We know through a national survey that parents are the most common source of alcohol for 15 to 17 year olds, which is why GrogWatch applauds the state governments that have brought in secondary supply laws. Critics of these laws claim that in practice they don’t stop adults supplying alcohol to young people. But no laws make a difference if they’re not communicated and enforced. Community action around promoting these new laws will go a long way towards making them work.
Last week we saw a good example of this action when Northern Beaches Community Drug Action Team (CDAT) in NSW launched the Supply Means Supply campaign. The campaign was kicked off with a survey for parents in the region to find out attitudes and behaviours around secondary supply.
“Anecdotal evidence suggests that parents are under pressure to supply their children with alcohol because there is a perception that if they don’t another parent will. We want to use this survey to find out whether or not this is a myth and empower parents and others in the community with the skills to say no to secondary supply.” explains Melissa Palermo from Northern Beaches Health Promotion who helped set up the campaign.
Parent workshops are also part of the project and will explain the secondary supply legislation, talk about the harms associated with teenage drinking and give some tips on how to communicate with young people around these issues. The workshops will also help parents to link into further support programs should they need ongoing help.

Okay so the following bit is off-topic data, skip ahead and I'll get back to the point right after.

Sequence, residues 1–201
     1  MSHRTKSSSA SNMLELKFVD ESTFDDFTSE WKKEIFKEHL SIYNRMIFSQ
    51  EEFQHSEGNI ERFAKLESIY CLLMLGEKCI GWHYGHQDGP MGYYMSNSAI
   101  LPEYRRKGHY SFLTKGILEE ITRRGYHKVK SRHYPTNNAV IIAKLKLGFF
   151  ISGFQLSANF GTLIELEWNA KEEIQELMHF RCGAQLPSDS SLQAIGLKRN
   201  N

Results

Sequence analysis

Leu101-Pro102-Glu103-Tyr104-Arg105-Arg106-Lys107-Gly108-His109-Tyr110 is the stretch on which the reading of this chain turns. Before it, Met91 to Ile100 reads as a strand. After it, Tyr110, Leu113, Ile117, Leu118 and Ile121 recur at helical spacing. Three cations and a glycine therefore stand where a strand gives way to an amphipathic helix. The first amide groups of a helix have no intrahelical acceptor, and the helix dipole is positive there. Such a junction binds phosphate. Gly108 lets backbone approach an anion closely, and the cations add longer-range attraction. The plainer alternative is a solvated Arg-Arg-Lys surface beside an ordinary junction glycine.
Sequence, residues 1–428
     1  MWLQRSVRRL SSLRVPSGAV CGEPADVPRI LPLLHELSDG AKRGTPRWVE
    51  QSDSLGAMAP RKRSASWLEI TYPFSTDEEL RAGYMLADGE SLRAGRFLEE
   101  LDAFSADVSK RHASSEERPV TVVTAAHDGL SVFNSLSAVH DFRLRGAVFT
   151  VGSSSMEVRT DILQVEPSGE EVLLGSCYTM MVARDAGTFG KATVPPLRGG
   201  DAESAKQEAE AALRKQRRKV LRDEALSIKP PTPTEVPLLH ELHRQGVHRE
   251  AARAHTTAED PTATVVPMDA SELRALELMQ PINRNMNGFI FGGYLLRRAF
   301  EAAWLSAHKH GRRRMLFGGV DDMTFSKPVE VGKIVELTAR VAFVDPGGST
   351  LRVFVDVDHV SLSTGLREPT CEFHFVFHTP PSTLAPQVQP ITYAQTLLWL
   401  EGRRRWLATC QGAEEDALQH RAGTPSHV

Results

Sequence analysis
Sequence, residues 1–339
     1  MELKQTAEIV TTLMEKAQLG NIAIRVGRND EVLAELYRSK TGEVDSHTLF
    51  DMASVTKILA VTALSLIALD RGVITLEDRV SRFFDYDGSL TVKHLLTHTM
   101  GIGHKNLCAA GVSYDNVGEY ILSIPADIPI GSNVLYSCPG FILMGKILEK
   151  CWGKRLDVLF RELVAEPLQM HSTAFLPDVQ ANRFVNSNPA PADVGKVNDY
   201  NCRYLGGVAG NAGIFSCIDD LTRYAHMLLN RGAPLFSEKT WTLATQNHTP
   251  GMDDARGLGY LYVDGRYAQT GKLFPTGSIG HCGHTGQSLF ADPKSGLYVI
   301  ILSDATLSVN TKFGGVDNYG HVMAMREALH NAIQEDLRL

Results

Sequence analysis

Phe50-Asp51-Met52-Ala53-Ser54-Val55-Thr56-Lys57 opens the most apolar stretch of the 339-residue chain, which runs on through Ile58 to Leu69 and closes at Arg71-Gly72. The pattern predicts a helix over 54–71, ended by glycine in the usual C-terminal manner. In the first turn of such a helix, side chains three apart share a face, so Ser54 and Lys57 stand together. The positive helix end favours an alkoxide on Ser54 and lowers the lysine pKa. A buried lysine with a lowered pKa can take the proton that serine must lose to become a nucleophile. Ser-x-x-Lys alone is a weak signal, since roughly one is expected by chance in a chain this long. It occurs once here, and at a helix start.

The workshops and the secondary supply message will be promoted through an advertising campaign developed on a probono basis by local advertising agency Tactical Directions. The campaign will be focussed on posters in liquor stores and other licensed premises.
“In the 2008 campaign when Supply Means Supply was first launched, the liquor stores used the posters as a tool to support the refusal of sale to adults who were obviously buying for a young person. The retailers have been very happy to collaborate with us again this year, which is fantastic because this is a great way to get the community talking about secondary supply.” Melissa says.
Melissa’s advice to anyone who wants to promote the secondary supply law in their area is to involve key organisations such as local drug and alcohol services, other health organisations, the police, councils, schools and local businesses. This advice is echoed in guidelines for how to take community action.
Share your experience and ideas on secondary supply campaigns with other GrogWatchers in the comments section below.